Monday, November 26, 2007

The Mist

Whoda thunk that arch-schmalt merchant Frank Darabont would be able to pull off such a brutal, down and dirty creature feature as The Mist? I guess if all you do is adapt Stephen King materials, you'll eventually get to something horrifying. And man, are they some good creatures. Through a combination of suprisingly good CGI and rubber gags, Darabont creates some really horrible monsters lurking in that there titular mist: just looking at them gives you that Lovecraftian sense of revulsion that King was trying to convey. In addition to providing the B-movie goods, Darabont deepens the film with some great in-group/out-group tensions between the group of bewildered people trapped in a grocery store surrounded by monsters. Marcia Gay Harden in particular is vivid and eerie as a holy roller whipping her acolytes into a sacrificial frenzy to appease her Old Testament god. In fact, most of the characters are given richer shading than you usually see in this sort of scare-fest. Most remarkably, Darabont alters the original ending of King's story (which isn't really an ending at all) by making it both more dramatically satisfying AND darker than the original. In the end, The Mist isn't really scary, but it's deeply creepy, and since most horror films can't manage to be either scary or creepy, I'd put that down as a signficant accomplishment.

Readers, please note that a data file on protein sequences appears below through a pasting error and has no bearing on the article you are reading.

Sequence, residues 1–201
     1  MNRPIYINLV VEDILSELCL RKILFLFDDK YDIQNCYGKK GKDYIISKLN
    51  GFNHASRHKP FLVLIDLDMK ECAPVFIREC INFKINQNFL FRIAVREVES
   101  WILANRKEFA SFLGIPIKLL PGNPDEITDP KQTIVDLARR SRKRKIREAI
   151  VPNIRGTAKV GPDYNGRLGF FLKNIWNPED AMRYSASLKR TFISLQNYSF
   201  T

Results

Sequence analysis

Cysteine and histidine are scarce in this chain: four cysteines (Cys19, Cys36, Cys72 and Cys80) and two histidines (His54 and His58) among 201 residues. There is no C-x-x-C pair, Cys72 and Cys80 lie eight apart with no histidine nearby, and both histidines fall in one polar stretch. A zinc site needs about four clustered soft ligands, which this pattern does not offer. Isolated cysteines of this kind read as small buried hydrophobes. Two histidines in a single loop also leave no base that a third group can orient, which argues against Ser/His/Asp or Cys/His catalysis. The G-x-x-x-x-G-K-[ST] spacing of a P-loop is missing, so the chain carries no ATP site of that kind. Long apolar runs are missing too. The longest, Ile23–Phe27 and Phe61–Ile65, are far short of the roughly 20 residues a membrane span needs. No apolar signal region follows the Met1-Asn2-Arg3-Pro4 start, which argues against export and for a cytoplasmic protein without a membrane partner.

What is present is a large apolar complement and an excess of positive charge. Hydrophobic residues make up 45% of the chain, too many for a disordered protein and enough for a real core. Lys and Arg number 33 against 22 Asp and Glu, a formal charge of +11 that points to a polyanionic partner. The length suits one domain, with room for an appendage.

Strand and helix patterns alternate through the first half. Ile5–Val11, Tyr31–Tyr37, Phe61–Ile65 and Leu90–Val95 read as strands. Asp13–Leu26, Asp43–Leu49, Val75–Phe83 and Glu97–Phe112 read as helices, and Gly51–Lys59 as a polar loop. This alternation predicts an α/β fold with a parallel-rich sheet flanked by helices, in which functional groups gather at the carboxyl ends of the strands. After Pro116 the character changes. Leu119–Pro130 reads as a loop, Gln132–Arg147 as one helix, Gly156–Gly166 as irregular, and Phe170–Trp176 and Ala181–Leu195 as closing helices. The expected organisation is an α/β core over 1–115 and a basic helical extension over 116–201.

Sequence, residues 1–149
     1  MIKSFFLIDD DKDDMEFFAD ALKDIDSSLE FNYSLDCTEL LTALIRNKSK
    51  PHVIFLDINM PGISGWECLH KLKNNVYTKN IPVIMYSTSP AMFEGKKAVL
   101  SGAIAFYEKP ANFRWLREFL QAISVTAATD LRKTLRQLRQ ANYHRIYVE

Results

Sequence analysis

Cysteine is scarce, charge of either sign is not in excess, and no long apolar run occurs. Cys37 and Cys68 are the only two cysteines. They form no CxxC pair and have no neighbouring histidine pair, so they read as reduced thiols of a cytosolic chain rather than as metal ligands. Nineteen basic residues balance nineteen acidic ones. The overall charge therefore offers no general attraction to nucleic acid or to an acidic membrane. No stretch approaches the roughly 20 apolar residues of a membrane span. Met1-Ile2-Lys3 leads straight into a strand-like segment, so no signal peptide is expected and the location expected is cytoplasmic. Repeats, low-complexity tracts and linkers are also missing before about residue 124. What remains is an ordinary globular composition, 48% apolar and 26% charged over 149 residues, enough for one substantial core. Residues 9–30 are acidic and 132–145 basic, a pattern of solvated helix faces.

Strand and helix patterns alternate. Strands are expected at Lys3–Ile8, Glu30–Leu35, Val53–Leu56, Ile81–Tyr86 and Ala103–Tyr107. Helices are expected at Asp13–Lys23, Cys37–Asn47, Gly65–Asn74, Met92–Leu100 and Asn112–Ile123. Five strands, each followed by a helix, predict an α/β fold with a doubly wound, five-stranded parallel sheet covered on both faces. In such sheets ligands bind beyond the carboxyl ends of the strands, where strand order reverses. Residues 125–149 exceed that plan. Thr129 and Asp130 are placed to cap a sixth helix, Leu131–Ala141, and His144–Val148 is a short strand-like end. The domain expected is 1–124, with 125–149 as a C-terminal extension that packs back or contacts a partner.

Score: 8.0

Thursday, November 22, 2007

No Country For Old Men

In my fall movie preview, I wrote that No Country For Old Men might be the least whimsical Coen brothers' movie since Miller's Crossing. It turns out that isn't the case. No Country For Old Men is the least whimsical Coen brothers' movie since the invention of whimsy.

This movie season has seen some pleasant surprises (Into the Wild, Before the Devil Knows You're Dead) and disappointments (Eastern Promises, American Gangster), but no film had yet exactly met my expectations until now. I went into No Country For Old Men expecting to see one of the most amazing American films of the past decade, and that's exactly what I got. It's cool when things work out like that.